Spencer & Kristen

Spencer & Kristen

Listen to Spencer and Kristen weekday mornings on 94.9 The Bull.


OSHA Explains The Differences Between Cloth Coverings, Masks & Respirators

Millions of people have been sharing graphics about "OSHA" and not speaking up about masks, face coverings and respirators. Here is what OSHA has written on their website.

What are the key differences between cloth face coverings, surgical masks, and respirators?

Cloth face coverings:

  • May be commercially produced or improvised (i.e., homemade) garments, scarves, bandanas, or items made from t-shirts or other fabrics.
  • Are worn in public over the nose and mouth to contain the wearer's potentially infectious respiratory droplets produced when an infected person coughs, sneezes, or talks and to limit the spread of SARS-CoV-2, the virus that causes Coronavirus Disease 2019 (COVID-19), to others.
  • Are NOT considered personal protective equipment (PPE).
  • Will NOT protect the wearer against airborne transmissible infectious agents due to loose fit and lack of seal or inadequate filtration.
  • Are NOT appropriate substitutes for PPE such as respirators (e.g., N95 respirators) or medical face masks (e.g., surgical masks) in workplaces where respirators or face masks are recommended or required to protect the wearer.
  • May be used by almost any worker, although those who have trouble breathing or are otherwise unable to put on or remove a mask without assistance should not wear one.
  • May be disposable or reusable after proper washing.

Surgical masks:

  • Are typically cleared by the U.S. Food and Drug Administration as medical devices (though not all devices that look like surgical masks are actually medical-grade, cleared devices).
  • Are used to protect workers against splashes and sprays (i.e., droplets) containing potentially infectious materials. In this capacity, surgical masks are considered PPE. Under OSHA's PPE standard (29 CFR 1910.132), employers must provide any necessary PPE at no-cost to workers.1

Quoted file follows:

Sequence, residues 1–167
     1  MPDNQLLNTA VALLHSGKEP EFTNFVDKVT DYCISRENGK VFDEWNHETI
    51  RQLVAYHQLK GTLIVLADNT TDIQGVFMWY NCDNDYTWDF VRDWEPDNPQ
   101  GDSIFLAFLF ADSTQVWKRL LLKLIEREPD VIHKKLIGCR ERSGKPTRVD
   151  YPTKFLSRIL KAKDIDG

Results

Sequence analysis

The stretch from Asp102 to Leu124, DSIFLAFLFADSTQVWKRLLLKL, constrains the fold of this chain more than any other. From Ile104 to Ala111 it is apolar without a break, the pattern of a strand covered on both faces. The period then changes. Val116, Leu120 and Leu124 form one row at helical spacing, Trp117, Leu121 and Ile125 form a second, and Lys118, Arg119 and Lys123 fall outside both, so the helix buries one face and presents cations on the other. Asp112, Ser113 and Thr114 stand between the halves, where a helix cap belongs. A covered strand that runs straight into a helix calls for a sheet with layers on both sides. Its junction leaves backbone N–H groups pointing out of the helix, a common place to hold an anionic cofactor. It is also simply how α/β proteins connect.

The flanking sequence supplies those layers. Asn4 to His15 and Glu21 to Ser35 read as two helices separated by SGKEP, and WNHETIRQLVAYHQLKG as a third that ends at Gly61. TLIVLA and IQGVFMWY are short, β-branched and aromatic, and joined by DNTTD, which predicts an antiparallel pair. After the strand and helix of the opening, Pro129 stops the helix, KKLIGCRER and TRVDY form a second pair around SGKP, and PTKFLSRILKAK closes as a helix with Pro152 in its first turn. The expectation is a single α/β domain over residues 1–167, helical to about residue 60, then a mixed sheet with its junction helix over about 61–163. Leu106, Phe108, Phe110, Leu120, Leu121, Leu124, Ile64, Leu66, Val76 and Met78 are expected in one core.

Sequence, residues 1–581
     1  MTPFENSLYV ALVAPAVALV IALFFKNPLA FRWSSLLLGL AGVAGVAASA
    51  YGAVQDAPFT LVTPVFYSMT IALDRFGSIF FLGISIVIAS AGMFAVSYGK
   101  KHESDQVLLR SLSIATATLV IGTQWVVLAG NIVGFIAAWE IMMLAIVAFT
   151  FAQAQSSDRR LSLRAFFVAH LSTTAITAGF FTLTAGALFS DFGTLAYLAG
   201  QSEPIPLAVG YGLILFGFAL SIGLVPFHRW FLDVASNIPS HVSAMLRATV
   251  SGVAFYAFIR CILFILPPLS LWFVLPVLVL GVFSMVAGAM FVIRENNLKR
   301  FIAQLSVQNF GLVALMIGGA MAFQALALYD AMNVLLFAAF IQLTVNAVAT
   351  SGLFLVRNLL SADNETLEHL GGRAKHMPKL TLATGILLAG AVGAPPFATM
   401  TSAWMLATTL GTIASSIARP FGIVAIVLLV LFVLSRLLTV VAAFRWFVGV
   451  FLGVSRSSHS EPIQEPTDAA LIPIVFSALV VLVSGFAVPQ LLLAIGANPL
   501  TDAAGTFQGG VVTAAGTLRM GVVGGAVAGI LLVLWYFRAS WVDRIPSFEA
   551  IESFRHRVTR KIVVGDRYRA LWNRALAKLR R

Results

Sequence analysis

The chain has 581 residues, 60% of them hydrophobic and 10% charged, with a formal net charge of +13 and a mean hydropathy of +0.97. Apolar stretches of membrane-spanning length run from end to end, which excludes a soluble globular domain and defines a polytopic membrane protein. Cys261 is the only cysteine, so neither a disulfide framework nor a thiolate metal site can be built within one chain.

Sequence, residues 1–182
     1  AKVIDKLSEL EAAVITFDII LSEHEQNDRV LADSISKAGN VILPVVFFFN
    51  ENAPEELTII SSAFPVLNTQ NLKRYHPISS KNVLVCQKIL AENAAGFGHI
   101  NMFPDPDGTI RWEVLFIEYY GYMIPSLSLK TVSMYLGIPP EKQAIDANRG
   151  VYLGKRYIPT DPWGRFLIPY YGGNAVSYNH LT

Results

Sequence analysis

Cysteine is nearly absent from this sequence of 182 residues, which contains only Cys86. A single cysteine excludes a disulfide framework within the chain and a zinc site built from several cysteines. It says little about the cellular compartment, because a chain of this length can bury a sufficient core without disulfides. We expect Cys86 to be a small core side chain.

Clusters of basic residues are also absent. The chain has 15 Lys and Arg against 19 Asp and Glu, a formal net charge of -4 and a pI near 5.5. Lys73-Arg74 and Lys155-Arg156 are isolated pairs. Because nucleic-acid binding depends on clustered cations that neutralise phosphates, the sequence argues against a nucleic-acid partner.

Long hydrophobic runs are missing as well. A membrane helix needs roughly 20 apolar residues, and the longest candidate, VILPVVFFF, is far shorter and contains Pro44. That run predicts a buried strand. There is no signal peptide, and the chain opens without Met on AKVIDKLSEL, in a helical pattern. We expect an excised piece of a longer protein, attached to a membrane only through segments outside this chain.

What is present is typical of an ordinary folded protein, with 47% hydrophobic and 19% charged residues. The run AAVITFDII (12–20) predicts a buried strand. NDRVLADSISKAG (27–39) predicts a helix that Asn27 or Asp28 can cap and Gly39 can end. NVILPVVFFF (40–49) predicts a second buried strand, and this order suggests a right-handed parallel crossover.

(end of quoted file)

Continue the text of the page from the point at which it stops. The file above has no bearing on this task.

• May also be worn to contain the wearer's respiratory droplets (e.g., healthcare workers, such as surgeons, wear them to avoid contaminating surgical sites, and dentists and dental hygienists wear them to protect patients).
  • Should be placed on sick individuals to prevent the transmission of respiratory infections that spread by large droplets.
  • Will not protect the wearer against airborne transmissible infectious agents due to loose fit and lack of seal or inadequate filtration.
  • May be used by almost anyone.
  • Should be properly disposed of after use.

Respirators (e.g., filtering facepieces):

  • Are used to prevent workers from inhaling small particles, including airborne transmissible or aerosolized infectious agents.
  • Must be provided and used in accordance with OSHA's Respiratory Protection standard (29 CFR 1910.134).
  • Must be certified by the National Institute for Occupational Safety and Health (NIOSH).
    • OSHA has temporarily exercised its enforcement discretion concerning supply shortages of disposable filtering facepiece respirators (FFRs), including as it relates to their extended use or reuse,use beyond their manufacturer's recommended shelf life, use of equipment from certain other countries and jurisdictions, and decontamination.
    • Need proper filter material (e.g., N95 or better) and, other than for loose-fitting powered, air purifying respirators (PAPRs), tight fit (to prevent air leaks).
  • Require proper training, fit testing, availability of appropriate medical evaluations and monitoring, cleaning, and oversight by a knowledgeable staff member.
    • OSHA has temporarily exercised its enforcement discretion concerning annual fit testing requirements in the Respiratory Protection standard (29 CFR 1910.134), as long as employers have made good-faith efforts to comply with the requirements of the standard and to follow the steps outlined in the March 14, 2020, and April 8, 2020 memorandum. (as applicable to their industry).
    • When necessary to protect workers, require a respiratory protection program that is compliant with OSHA's Respiratory Protection standard (29 CFR 1910.134). OSHA consultation staff can assist with understanding respiratory protection requirements.
    • FFRs may be used voluntarily, if permitted by the employer. If an employer permits voluntary use of FFRs, employees must receive the information contained inAppendix Dof OSHA's Respiratory Protection standard (29 CFR 1910.134).


Photo: Getty Images

Sponsored Content

Sponsored Content